The three-episode series premieres with "Show Tunes" April 5 at 9 PM. Sondheim, Lansbury and Ebersole are featured in the episode about great American musicals.
According to PBS, "Sondheim reveals the composers he most admires and shows Feinstein some rare home movie footage of the original Broadway production of the classic Follies. Tony Award-winner Ebersole gives a tour de force performance of some of the greatest show tunes of all time, and Lansbury reflects on her Broadway career, from Mame to Sweeney Todd and Gypsy. (Feinstein has a surprise for Angela.) Feinstein discusses his personal relationship with Ira Gershwin (also the topic of his recent book) and performs the classic 'Lullaby of Broadway,' 'Let Me Entertain You' and 'No One Is Alone.'"
Later in the evening, at 10 PM PBS airs "Let's Dance," celebrating Fred Astaire, who was beloved by such writers as Irving Berlin, Cole Porter and George and Ira Gershwin. Minnelli will join Feinstein for the episode.
PBS asks, "Why was this dancer, first-and-foremost, so beloved by America’s great composers? With that question, Feinstein launches into an exploration of the marriage between music and choreography, unearthing rare home movies of Astaire rehearsing on set, and remarkable memorabilia from that other screen-dance icon, Gene Kelly. Kelly stuns in never-before-seen footage of his Broadway debut in the original Pal Joey, as does the iconic Cyd Charisse, seen in her first television performance. Minnelli, who knew Kelly and Astaire, discusses their unique styles and techniques. She also is seen in vintage television clips dancing with Kelly and performing some memorably steamy choreography. Feinstein indulges his inner Astaire with private dance lessons, learning differences between the fox trot and the turkey trot, among others. Finally he explores the endless popularity of ballroom dance and performs the classics 'Change Partners,' 'Singin' in the Rain,' 'Shall We Dance' and 'Let's Face the Music and Dance.'"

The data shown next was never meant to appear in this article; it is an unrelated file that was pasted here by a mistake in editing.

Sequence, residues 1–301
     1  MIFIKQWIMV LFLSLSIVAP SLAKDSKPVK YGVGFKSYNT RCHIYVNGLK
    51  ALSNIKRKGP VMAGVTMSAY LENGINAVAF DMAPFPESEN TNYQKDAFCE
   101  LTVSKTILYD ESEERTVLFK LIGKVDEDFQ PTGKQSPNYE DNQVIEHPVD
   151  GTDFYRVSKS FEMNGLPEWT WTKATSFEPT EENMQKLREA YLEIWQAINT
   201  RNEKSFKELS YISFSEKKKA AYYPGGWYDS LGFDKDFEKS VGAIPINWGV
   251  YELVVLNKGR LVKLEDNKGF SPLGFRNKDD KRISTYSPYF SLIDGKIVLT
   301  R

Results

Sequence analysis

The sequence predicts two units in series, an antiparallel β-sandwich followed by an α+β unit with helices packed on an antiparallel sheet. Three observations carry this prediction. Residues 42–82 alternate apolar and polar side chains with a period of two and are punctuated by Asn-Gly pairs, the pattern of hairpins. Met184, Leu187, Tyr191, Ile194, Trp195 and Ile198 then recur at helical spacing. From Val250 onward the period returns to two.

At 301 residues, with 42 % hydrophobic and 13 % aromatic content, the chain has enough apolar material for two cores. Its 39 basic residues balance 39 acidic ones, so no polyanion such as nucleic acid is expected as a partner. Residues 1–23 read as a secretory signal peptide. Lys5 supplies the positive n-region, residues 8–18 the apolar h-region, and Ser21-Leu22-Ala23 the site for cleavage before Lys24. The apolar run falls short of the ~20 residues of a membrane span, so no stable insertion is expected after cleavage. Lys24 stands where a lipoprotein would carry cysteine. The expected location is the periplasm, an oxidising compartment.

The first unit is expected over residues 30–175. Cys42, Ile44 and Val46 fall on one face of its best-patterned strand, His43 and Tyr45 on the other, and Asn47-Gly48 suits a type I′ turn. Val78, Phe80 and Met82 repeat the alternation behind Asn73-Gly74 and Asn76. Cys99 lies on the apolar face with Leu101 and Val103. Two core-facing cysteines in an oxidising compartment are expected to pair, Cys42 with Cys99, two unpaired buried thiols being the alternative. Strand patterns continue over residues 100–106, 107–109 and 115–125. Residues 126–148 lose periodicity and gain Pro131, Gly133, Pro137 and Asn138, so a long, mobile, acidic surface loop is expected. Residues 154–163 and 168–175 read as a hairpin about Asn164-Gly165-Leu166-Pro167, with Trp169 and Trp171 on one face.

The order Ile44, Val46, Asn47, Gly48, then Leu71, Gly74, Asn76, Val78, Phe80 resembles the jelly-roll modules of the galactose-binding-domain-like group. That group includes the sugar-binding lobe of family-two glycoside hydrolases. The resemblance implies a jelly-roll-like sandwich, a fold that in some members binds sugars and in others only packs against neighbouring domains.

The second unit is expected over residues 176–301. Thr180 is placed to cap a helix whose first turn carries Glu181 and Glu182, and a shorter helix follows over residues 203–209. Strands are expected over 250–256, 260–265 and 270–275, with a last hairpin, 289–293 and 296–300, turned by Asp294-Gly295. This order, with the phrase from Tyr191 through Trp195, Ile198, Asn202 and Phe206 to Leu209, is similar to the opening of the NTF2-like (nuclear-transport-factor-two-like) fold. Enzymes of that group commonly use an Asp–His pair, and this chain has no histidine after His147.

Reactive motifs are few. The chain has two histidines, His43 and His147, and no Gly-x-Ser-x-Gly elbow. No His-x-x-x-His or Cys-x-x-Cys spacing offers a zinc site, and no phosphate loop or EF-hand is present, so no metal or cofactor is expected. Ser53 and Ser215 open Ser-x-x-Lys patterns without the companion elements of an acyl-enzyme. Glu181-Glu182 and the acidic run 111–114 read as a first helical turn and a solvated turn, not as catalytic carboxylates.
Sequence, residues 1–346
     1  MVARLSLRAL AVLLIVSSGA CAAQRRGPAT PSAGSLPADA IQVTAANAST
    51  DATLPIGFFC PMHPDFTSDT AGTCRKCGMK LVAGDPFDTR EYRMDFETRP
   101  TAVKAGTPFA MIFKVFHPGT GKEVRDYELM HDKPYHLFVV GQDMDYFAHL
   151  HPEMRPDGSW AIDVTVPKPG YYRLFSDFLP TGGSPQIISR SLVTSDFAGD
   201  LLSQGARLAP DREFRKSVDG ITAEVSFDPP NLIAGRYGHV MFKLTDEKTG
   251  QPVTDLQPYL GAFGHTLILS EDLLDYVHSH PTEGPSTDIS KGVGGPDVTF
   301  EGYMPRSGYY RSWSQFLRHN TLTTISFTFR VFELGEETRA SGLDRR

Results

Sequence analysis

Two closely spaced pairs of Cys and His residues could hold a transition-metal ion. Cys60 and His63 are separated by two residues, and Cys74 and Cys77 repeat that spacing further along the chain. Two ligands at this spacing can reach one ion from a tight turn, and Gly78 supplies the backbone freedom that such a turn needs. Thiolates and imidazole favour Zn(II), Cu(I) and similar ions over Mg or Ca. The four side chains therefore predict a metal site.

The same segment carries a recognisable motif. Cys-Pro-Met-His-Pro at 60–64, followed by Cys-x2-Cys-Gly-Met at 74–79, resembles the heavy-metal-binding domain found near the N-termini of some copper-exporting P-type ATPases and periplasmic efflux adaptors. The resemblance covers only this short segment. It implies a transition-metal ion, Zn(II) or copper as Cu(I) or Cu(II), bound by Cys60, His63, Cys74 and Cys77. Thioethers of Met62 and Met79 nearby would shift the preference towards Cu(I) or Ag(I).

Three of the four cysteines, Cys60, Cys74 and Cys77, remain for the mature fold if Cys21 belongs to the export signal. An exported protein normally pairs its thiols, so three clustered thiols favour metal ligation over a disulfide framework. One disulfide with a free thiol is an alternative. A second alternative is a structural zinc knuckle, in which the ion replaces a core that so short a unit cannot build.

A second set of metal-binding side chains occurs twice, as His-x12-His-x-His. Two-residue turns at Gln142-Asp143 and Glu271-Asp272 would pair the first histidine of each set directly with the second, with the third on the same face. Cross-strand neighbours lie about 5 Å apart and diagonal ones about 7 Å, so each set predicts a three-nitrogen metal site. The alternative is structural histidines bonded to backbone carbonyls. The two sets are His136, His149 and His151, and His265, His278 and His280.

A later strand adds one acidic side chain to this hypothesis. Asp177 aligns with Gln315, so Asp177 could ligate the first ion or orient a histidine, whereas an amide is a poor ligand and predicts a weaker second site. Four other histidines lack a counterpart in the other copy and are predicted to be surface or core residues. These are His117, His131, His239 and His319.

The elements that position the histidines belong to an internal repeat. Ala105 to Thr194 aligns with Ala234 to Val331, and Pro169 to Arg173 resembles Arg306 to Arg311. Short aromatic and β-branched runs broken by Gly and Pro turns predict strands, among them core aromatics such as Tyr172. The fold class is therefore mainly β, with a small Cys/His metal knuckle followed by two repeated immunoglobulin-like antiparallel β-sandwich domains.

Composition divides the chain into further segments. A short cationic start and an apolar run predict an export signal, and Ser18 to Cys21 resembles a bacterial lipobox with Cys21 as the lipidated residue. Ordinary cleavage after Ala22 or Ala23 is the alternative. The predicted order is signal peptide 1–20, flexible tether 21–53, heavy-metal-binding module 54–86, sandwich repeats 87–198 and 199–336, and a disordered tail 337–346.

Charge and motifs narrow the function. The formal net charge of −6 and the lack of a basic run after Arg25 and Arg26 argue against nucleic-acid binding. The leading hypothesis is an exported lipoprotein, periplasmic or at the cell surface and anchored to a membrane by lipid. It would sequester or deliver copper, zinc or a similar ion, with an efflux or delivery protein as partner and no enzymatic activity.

According to PBS, "Feinstein traces the phenomenon with archival clips of Bing Crosby, Cab Calloway, Kate Smith and many others. He visits with TV and stage star Rose Marie (best known as Sally Rogers on 'The Dick Van Dyke Show') and learns about her career as a highly paid child radio star named 'Baby' Rose Marie. On his own syndicated public radio program, Feinstein showcases the virtuoso talents of classical superstars, including violinist Joshua Bell and pianist Jeremy Denk, who perform together and discuss intersections of classical and popular music. This episode includes visits to collectors of vintage radios and radio programs. Finally, he discovers a lost radio program that featured Rosemary Clooney, and recalls his own memorable duet with her."
Check local PBS listings. The series is also available for purchase on DVD at PBS.org. The DVD packaging includes over 90 minutes of bonus material.